Zajac only played 15 games in the 2011-12 season. He did get to play significant minutes but there was a sense that he wasn't exactly in a groove. That should be no surprise since he missed, training camp, preseason, a lot of practice sessions, and a lot of games. It is because of that background that makes Zajac's performance in the 2012 playoffs even more impressive. Zajac has proven over the last few seasons that he's definitely a top center on this team and he's playing like it now. It's a big reason why the team is where they are in this postseason. Please follow along after the jump for a reasons why it's safe to say that Travis Zajac is back.First and foremost, Zajac has been hot in the scoring department. Zajac is currently tied with Ilya Kovalchuk in playoff scoring on the Devils and Zajac actually leads the team in playoff goals. Before Saturday's games, Zajac is tied with three other players for fifth in playoff points in entire NHL. Yes, Zajac is among playoff leaders in scoring.
|2011-12 - Travis Zajac||15||2||4||6||-3||4||1||0||1||25||8.0||17:22
|2012 Playoffs - Travis Zajac||10||5||4||9||2||0||1||0||1||23||21.7||21:20|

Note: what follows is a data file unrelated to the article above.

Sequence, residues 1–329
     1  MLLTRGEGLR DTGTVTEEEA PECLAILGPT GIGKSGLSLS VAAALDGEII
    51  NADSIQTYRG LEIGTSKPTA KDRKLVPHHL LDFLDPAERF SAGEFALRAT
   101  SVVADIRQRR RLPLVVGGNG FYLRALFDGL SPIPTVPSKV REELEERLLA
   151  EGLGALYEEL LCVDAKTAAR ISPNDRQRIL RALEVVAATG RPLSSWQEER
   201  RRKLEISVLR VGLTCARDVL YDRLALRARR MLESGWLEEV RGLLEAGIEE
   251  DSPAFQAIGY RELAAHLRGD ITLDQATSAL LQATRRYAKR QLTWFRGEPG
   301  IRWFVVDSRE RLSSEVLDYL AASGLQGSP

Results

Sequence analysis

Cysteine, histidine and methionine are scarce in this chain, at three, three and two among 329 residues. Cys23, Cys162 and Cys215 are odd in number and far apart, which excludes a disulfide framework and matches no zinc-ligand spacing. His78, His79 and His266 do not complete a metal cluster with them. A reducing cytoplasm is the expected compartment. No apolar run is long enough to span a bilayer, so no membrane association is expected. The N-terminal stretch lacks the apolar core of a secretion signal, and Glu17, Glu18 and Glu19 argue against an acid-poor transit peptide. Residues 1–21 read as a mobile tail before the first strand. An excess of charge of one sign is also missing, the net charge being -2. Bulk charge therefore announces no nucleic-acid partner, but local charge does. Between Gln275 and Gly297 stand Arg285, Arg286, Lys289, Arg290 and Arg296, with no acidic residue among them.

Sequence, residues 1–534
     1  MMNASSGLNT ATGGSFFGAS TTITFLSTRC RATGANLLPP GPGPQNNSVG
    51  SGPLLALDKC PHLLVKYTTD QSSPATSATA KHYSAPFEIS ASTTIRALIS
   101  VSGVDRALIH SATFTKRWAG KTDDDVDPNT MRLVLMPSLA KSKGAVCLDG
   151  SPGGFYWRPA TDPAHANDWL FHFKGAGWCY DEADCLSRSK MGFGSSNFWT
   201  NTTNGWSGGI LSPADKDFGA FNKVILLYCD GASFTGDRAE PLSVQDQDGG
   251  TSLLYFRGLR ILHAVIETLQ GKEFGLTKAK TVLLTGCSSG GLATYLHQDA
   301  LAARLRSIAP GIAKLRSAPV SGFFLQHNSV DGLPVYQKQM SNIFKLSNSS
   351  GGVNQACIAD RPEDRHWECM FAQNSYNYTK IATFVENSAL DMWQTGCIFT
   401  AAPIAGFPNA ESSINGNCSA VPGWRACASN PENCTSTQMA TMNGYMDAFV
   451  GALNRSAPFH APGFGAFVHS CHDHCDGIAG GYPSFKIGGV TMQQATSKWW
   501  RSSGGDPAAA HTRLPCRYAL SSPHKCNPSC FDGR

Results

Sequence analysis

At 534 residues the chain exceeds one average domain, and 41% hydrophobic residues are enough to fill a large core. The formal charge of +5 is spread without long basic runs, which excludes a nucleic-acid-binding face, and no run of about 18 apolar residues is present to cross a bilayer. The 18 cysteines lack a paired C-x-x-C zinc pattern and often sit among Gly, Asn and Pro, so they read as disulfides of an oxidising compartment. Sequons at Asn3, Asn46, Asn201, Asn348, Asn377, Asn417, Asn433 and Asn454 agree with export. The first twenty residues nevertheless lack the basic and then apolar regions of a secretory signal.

Zajac has been more involved in the offense in this post season and it's been a big benefit to the team. He could match his season total in shots on net in Game 4 on Sunday; and he could very well pick up more points. At least one on Sunday would extend his current point streak to four games. On top of that, the points he's been picking up have been impressive. Here are some examples: Zajac's finish in overtime of Game 6 was wonderful; I even broke it down in this post. His cross-ice pass to Kovalchuk in Game 3 of the Flyers series was just about perfect. His wraparound goal in Game 2 of the Flyers series showed that he's willing to follow up on plays; plus, it gave the Devils a two-goal cushion at the time. Zajac's first playoff goal, within the first minute of the third period in Game 2 against Florida, gave the Devils a shot at an actual comeback effort even though it ultimately wasn't enough.